Saturday, April 28, 2012

The 1932 German Election.

I was quite surprised at the electoral maps that I published in my previous post. I was able to find another one which illustrates the voting patterns more clearly. I'm sorry for the small size but I could not find a bigger version of it.

Now, the illustration breaks down the pre-WW2 map of Germany into electorates. The redder the electorate the more support the Nazi's had in it. Green areas are areas where Nazi's were unable to win seats. Now the taller the individual electorate, the higher the proportion of Catholics in it. Flatter areas are Protestant dominant.

Now, it's pretty obvious that Catholic areas tended to vote strongly against Hitler, whilst the Protestants tended to vote for him. Note, this does not mean all Protestants voted for him,[paging Wilhelm Ropke] just the majority of them. Likewise, the majority of Catholics voted against Hitler; not all of them.


Will S. said...

And many if not most of the Protestants, by then, were not the more orthodox kind that their forefathers had been, but more mainline, liberal; Germany had been at the forefront of Protestantism's devolution, what with liberal modernism having been entrenched in the seminaries since the mid-late 19th century; I presume you've heard of Friedrich Schleiermacher, and the impact he had had... And Walter Rauschenbusch brought the liberalism he had picked up in Germany, back to America, greatly impacting the denominations we call mainline Protestantism, today...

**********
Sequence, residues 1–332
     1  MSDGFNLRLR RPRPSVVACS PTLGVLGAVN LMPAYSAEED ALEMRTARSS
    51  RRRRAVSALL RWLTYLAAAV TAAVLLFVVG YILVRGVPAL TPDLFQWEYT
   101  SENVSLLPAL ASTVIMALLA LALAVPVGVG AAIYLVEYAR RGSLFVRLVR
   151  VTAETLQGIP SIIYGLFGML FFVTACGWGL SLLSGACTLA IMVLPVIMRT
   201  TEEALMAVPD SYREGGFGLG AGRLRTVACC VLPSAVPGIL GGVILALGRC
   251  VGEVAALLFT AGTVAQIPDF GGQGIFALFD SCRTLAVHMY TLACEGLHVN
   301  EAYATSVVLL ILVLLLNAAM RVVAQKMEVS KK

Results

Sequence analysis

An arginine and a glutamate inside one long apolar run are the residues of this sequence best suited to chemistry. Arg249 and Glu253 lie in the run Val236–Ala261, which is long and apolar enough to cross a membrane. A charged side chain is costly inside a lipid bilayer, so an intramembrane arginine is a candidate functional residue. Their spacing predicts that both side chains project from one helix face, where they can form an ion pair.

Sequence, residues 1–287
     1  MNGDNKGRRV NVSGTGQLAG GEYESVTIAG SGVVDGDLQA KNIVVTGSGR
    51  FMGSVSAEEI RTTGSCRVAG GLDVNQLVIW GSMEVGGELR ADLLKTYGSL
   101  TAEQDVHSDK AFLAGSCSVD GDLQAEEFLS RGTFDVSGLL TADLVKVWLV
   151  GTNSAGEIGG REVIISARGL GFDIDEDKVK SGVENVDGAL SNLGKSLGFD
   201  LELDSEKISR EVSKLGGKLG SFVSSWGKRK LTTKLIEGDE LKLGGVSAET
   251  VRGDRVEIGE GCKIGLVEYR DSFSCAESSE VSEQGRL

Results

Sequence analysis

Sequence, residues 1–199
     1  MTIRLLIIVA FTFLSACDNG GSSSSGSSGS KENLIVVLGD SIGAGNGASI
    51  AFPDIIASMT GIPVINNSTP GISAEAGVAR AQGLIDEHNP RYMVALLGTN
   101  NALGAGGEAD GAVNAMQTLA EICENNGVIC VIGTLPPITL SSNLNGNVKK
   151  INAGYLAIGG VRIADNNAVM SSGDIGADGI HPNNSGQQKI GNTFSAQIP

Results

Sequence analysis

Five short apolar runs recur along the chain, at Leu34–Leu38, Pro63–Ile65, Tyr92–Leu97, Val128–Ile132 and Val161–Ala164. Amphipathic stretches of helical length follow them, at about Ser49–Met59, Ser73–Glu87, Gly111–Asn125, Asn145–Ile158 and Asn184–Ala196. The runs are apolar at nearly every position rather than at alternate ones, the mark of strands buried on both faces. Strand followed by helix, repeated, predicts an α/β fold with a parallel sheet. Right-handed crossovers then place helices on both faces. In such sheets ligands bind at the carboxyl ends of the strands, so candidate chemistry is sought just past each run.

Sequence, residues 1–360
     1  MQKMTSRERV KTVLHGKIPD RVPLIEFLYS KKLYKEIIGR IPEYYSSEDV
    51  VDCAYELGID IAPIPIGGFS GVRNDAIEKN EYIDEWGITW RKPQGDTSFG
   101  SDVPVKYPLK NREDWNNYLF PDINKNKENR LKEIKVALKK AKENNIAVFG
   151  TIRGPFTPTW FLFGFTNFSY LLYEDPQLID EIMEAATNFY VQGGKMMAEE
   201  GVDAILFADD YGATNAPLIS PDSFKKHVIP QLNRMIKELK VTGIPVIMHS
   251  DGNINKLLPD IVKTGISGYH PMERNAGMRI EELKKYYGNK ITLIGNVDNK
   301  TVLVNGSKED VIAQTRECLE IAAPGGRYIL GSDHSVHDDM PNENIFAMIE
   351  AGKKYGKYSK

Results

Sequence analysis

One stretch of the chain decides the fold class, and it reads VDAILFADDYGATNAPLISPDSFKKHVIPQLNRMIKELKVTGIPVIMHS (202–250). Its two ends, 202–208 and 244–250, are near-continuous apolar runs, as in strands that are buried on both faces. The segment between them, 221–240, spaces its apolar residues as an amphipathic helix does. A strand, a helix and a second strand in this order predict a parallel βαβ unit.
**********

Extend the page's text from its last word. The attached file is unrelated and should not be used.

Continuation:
So, yes, it was much more Protestants who sadly embraced National Socialism, than Catholics, to a much greater degree. But, many of them were liberal Protestants, far removed from the ways of thinking of their forefathers, who were far more like Roman Catholics, in their ways.

James A. Donald said...

So Nazism is Lutheranism, just as progressivism is Puritanism and Quakerism.

The Lutherans hated Jews, and the Puritans hated Christmas and men having sex with women.

Denazification was a continuation of the holy wars of the seventeenth century, wherein all the Lutherans aka Nazis pretend to convert to puritanism aka progressivism.

Anonymous said...

Not to pick nits too much, but when you say "Note, this does not mean all Protestants voted for him, just the majority of them.", I think it's important to remember that in the July 1932 election (which was the high water mark electorally for the Nazis), the Nazis only received 37% of the vote and the Catholic Center Party received 11%.

Since Catholics made up roughly 40% of the electorate at the time, and at most only about a quarter of them voted for the Catholic party, I think it's quite unlikely that the "majority" of Protestants voted for the Nazis.

James A. Donald said...

"that in the July 1932 election (which was the high water mark electorally for the Nazis), the Nazis only received 37% of the vote"

Vote splitting. Everyone else sounded remarkably like the Nazis. Most people voted for Nazis, commies, or a party that was fairly similar to Nazism.

Anonymous said...

Well, vote splitting is pretty much my point. The top three finishers in July 1932 were the Nazis, the Social Democrats, and the Communists - all leftist/socialist/authoritarian parties.

The Catholic Center party came in fourth with 11%. So, assuming *only* Catholics voted for the Center Party (unlikely), that still means 3/4 of Catholics voted for one of the various socialist parties.

Also, remember that the the NSDAP was founded in, and grew to initial prominence, in Bavaria, which is majority (if not completely) Catholic.

I just think the argument that somehow the Nazis were a phenomenon of Protestantism and the Catholics were innocent of their rise to power is a highly questionable proposition.